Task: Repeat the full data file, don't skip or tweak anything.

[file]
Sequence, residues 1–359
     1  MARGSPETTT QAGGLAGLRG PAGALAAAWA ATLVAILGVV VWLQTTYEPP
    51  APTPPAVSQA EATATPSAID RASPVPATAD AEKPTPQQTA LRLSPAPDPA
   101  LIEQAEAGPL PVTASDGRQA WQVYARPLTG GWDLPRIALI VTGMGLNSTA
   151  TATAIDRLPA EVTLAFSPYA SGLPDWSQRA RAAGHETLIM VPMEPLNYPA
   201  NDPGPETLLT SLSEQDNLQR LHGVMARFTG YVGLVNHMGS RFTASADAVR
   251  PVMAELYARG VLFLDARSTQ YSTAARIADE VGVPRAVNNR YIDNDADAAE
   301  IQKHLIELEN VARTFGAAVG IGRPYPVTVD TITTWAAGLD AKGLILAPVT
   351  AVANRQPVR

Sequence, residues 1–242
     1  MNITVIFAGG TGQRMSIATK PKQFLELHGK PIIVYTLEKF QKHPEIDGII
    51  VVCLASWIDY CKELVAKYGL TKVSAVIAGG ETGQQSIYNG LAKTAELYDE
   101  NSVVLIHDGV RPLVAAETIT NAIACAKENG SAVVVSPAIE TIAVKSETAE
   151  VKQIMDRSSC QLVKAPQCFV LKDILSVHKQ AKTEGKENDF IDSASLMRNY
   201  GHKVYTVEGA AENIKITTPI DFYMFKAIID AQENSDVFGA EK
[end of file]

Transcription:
Sequence, residues 1–359
     1  MARGSPETTT QAGGLAGLRG PAGALAAAWA ATLVAILGVV VWLQTTYEPP
    51  APTPPAVSQA EATATPSAID RASPVPATAD AEKPTPQQTA LRLSPAPDPA
   101  LIEQAEAGPL PVTASDGRQA WQVYARPLTG GWDLPRIALI VTGMGLNSTA
   151  TATAIDRLPA EVTLAFSPYA SGLPDWSQRA RAAGHETLIM VPMEPLNYPA
   201  NDPGPETLLT SLSEQDNLQR LHGVMARFTG YVGLVNHMGS RFTASADAVR
   251  PVMAELYARG VLFLDARSTQ YSTAARIADE VGVPRAVNNR YIDNDADAAE
   301  IQKHLIELEN VARTFGAAVG IGRPYPVTVD TITTWAAGLD AKGLILAPVT
   351  AVANRQPVR

Sequence, residues 1–242
     1  MNITVIFAGG TGQRMSIATK PKQFLELHGK PIIVYTLEKF QKHPEIDGII
    51  VVCLASWIDY CKELVAKYGL TKVSAVIAGG ETGQQSIYNG LAKTAELYDE
   101  NSVVLIHDGV RPLVAAETIT NAIACAKENG SAVVVSPAIE TIAVKSETAE
   151  VKQIMDRSSC QLVKAPQCFV LKDILSVHKQ AKTEGKENDF IDSASLMRNY
   201  GHKVYTVEGA AENIKITTPI DFYMFKAIID AQENSDVFGA EK